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Let $R$ be the interior of the triangle with vertices $(0,0), (4,2),$ and $(0,2)$. Let $C$ be the boundary of $R$, oriented counterclockwise. Now evaluate the integral below.

$$\int_C(y+e^\sqrt{x}) dx + (xe^{y^2}) dy$$

I know this has to be parametrized somehow, but I'm not sure where to start. Could someone show me how to set up the integral so it can be evaluated?


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I think you can use Green's theorem to avoid those dreadful parametrizations and then apply Fubini's theorem. – etothepitimesi Jul 22 '14 at 17:39
So would $(y+e^{\sqrt{x}})\textbf{i}+(xe^{y^2})\textbf{j}$ be the vector field? I haven't learned Fubini's Theorem yet, so is there another way? @Pringoooals – user7000 Jul 22 '14 at 17:49
It turns out to be a bad idea, because $\frac{\partial}{\partial x} \left ( xe^{y^2} \right ) - \frac{\partial}{\partial y} \left ( y + e^{\sqrt{x}} \right ) = e^{y^2} - 1$ and $e^{y^2}$ doesn't have an antiderivative in elementary terms. Too bad; you'll have to do a bunch of calculations. – etothepitimesi Jul 22 '14 at 17:59
@Pringooals, that's what I tried the first time :/ Is there another way? Thanks – user7000 Jul 22 '14 at 17:59
up vote 3 down vote accepted

As Pringoooals suggested, use Green's Theorem. The key is to integrate $x$ first, then $y$.

$\displaystyle\int_C(y+e^\sqrt{x}) dx + (xe^{y^2}) dy = \iint_{\Omega}\left[\dfrac{\partial}{\partial x}(xe^{y^2}) - \dfrac{\partial}{\partial x}(y+e^{\sqrt{x}})\right]\,dx\,dy = \iint_{\Omega}(e^{y^2}-1)\,dx\,dy = \int_{0}^{2}\int_{0}^{2y}(e^{y^2}-1)\,dx\,dy = \int_{0}^{2}2y(e^{y^2}-1)\,dy = \left[e^{y^2}-y^2\right]_{0}^{2} = e^4-5$.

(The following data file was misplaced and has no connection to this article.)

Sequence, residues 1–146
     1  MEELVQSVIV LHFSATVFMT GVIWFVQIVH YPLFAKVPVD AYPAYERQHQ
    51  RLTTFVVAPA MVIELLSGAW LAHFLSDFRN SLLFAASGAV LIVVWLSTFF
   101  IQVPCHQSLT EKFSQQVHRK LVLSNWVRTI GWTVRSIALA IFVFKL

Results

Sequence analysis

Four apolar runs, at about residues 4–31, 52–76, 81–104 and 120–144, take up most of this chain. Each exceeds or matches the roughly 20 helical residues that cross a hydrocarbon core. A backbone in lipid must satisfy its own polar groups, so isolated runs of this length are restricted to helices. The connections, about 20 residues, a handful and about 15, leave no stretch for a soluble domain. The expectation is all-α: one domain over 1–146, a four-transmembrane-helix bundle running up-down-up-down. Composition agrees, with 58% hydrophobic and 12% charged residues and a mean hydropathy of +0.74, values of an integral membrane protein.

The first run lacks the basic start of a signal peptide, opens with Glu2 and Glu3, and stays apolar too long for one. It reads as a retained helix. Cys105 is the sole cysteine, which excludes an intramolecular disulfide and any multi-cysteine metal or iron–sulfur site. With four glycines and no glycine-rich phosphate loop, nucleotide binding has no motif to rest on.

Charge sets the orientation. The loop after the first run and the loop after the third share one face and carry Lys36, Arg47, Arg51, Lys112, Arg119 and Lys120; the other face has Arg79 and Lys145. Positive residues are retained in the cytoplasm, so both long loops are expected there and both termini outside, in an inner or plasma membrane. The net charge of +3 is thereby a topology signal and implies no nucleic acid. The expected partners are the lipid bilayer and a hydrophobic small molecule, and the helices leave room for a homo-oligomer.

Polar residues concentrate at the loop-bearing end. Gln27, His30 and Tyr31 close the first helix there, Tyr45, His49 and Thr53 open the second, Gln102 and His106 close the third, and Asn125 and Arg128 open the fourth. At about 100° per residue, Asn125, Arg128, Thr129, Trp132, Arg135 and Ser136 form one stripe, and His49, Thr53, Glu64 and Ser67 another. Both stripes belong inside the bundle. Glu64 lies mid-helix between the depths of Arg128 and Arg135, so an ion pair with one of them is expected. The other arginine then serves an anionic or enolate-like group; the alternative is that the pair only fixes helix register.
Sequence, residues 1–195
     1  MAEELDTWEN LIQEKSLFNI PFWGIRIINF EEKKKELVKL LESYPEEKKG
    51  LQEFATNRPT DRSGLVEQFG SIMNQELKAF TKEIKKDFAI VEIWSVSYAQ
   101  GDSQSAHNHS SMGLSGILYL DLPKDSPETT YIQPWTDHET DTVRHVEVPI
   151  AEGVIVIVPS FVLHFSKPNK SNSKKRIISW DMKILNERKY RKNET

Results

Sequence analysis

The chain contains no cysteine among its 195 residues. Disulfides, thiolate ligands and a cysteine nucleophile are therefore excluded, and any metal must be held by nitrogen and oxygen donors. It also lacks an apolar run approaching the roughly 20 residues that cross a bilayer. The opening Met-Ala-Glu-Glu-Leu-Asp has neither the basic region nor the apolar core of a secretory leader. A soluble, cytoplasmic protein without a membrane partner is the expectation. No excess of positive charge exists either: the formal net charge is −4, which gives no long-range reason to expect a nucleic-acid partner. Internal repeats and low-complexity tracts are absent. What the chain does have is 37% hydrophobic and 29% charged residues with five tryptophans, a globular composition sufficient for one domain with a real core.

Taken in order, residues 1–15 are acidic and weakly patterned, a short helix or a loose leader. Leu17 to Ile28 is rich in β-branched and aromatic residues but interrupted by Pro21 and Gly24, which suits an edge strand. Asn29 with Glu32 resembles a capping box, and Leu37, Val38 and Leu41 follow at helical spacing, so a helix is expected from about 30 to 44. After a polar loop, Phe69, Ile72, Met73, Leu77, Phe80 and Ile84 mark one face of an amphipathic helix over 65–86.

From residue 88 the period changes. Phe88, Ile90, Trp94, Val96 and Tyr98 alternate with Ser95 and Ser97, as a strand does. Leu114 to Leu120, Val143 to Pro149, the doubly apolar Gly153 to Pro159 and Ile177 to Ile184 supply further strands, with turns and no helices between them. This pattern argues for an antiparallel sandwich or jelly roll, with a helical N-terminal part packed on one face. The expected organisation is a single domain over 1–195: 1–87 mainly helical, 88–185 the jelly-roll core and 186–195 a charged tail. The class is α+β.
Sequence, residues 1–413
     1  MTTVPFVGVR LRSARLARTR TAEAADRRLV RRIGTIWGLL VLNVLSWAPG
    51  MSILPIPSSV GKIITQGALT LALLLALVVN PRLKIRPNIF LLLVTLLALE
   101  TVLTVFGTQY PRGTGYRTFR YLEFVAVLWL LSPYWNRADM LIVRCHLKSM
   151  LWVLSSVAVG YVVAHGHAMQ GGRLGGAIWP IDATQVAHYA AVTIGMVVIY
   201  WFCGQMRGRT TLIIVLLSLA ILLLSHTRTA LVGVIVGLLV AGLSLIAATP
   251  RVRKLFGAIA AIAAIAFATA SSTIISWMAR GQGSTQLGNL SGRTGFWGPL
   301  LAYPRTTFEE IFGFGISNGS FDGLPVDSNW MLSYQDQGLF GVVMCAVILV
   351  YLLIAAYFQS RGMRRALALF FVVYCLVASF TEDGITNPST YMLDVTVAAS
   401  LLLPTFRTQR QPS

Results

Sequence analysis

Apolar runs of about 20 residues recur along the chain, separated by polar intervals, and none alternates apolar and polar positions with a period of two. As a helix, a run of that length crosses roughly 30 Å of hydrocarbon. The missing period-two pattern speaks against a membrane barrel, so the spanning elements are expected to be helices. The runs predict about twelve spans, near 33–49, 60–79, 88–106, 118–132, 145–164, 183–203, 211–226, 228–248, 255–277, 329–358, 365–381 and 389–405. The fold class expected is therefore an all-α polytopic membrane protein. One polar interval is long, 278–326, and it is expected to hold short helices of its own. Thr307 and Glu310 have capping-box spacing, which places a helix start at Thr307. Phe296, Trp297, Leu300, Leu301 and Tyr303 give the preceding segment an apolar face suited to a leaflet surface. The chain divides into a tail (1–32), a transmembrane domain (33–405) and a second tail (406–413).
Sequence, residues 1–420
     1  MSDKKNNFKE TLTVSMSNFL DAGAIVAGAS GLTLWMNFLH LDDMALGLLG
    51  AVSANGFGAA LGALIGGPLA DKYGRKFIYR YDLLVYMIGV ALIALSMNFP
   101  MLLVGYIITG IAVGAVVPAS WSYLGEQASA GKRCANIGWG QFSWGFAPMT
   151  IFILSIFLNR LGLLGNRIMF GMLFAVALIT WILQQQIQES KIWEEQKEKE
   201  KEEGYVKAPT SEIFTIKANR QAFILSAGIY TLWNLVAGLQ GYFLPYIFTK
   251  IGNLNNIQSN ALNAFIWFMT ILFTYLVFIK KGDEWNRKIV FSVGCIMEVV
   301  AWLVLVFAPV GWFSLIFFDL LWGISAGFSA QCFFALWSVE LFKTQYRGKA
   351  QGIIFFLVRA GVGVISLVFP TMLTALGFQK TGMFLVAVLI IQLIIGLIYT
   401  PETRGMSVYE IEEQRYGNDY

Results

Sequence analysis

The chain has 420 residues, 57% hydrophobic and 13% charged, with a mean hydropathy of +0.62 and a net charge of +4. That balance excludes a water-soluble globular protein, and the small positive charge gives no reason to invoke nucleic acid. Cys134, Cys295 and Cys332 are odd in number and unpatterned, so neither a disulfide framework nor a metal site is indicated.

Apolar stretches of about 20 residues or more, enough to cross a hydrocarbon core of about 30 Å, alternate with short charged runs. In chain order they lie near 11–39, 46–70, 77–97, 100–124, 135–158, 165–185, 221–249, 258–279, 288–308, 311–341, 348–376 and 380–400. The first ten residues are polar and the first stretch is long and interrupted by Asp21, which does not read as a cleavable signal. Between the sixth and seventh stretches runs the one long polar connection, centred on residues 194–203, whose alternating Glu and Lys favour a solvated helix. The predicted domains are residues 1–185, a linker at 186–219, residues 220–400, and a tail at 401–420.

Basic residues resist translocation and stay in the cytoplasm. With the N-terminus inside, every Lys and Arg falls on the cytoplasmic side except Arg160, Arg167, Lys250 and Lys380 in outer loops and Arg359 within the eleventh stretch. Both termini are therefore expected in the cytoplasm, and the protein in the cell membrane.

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Equivalently, you may go from the following way:

$$A: x=0,~ 0\le y\le 2\longrightarrow\int_A=0$$ $$B: y=2,~0\le x\le4\longrightarrow \int_B=\int_0^4(2+e^{\sqrt x})dx$$ $$C:=0\le x\le4,~y=\frac{x}2\longrightarrow \int_C=\int_0^4\left(\frac{x}2+e^{\sqrt x}\right)dx+\frac{1}2\int_0^4(xe^{x^2/4})dx$$

enter image description here

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You don't really need to setup any parametrization first. You should first simplify the integral and then try either $x$ or $y$ as your parametrization unless there are other obvious choices.

  1. $\displaystyle\;\int_C y dx$ is just negative of the area of $R$ and hence $= -\frac12 (2 \times 4) = -4$.
  2. $e^{\sqrt{x}} dx$ is a total differential, so its integral over any closed curve, eg. $C$, will be zero.

  3. For $\displaystyle\;\int_C x e^{y^2} dy$,

    • the contribution from the line segment $(0,2) \to (0,0)$ is zero because $x = 0$ there.
    • the contribution from the line segment $(4,2) \to (0,2)$ is zero because $dy = 0$ there.

    The leaves us with the integral along the line segment $(0,0) \to (4,2)$. Since $x = 2y$ on that line segment, we get $$\int_C x e^{y^2} dy = \int_0^2 2y e^{y^2} dy = \left[ e^{y^2} \right]_0^2 = e^4 - 1$$

Combine all these, we find the integral is simply $e^4 - 5$.

As you can see, you don't really need to worry about the parametrization. Once you simplify your integral and identify the piece you need to deal with, the choice of parametrization is obvious.

To pick a parametrization, the main criterion is having one that make your life easier. Until you analyze your integrand, you usually don't know what is the best choice. The best course of action is delay the decision until you have a better picture what you are dealing with.

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Parametrize each segment separately:

1)Segment from $(0,0)$ to $(4,2)$: $\gamma(t)=(4,2)t$ for $0<t<1$

2)From $(4,2)$ to $(0,2)$:$\gamma(t)=(4,2)+t((0,2)-(4,2))$ for $0<t<1$

3)From $(0,2)$ to $(0,0)$:$\gamma(t)=(0,2)+t((0,0)-(0,2))$ for $0<t<1$.

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